Apple Inc. isn't seeing that much green with Apple TV... yet.

In a story from Home Media Magazine, it appears that in a study from iSuppli Corp, they "found that when tabulating the bill of materials for the device, excluding cables, packaging and marketing expenses, the gross margin dipped below 20%" for the $300 priced unit.

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Compare that with the "gross margins for Apple's line of iPod portable music and video players ranges from 40% to 50%." Apple's biggest hope "is to migrate its successful iTunes service from the Internet."

"This suggests that Apple is taking a market-penetration strategy ... rather than the simple profit-per-unit approach it has always used in the past," stated Andrew Rassweiler, the senior analyst for El Segundo, Calif.-based iSuppli.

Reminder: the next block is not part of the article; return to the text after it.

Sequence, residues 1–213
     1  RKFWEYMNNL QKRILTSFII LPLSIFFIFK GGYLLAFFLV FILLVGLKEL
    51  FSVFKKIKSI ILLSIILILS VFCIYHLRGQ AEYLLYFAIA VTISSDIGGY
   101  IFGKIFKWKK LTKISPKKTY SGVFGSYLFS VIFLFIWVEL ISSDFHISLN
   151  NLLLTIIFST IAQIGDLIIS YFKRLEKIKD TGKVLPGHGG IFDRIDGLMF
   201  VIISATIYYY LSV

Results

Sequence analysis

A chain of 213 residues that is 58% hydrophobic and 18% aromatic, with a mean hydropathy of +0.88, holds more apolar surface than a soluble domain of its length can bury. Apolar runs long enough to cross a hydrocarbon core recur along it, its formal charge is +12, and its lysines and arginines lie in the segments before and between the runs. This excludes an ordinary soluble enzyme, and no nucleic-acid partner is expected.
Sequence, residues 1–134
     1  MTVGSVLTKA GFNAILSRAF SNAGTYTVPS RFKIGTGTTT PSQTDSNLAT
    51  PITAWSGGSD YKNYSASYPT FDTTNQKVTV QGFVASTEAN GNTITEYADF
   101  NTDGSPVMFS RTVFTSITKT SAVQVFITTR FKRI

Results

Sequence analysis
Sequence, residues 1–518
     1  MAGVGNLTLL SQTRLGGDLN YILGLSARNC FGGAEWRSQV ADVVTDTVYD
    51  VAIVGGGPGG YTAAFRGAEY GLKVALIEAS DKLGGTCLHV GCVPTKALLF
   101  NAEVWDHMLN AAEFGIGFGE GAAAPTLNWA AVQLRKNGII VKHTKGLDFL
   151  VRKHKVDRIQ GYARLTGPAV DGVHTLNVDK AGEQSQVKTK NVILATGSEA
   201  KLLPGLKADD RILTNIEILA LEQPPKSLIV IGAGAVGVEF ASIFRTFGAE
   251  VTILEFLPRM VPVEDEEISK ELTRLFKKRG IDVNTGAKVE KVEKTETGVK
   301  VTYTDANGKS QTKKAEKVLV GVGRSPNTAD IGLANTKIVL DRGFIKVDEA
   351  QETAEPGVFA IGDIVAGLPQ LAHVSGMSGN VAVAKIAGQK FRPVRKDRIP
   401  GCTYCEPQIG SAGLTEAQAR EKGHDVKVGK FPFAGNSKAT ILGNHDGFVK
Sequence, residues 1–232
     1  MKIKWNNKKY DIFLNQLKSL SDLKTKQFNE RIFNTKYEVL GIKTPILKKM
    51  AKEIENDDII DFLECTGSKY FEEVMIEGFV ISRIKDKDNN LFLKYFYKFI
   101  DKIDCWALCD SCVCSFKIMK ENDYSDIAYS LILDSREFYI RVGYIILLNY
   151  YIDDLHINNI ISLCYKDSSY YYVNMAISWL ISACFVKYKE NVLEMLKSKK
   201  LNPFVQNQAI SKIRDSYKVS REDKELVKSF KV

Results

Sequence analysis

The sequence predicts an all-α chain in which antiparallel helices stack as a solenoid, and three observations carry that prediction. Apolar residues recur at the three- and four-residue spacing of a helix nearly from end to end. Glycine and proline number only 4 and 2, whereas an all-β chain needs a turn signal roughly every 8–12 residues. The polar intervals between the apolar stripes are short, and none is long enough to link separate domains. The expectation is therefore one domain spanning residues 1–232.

In addition to this "Apple reduced costs to the device by utilizing a less expensive microprocessor and logic chips, compared to a standard PC. It said the device faces numerous challenges within the home, including access to major studio content, requirement of broadband Internet capability, a digital TV, home wireless network and an iTunes account."

Also, "the lack of an internal digital video recorder, a DVD ripping device, cable/satellite connectivity and limited storage capacity (40GB) would brand the Apple TV as an undefined product and hinder consumer adoption, especially of those with HDTVs."

Despite all this, "iSuppli said Apple TV shipments would reach 1 million units in 2007 and 1.4 million units in 2008."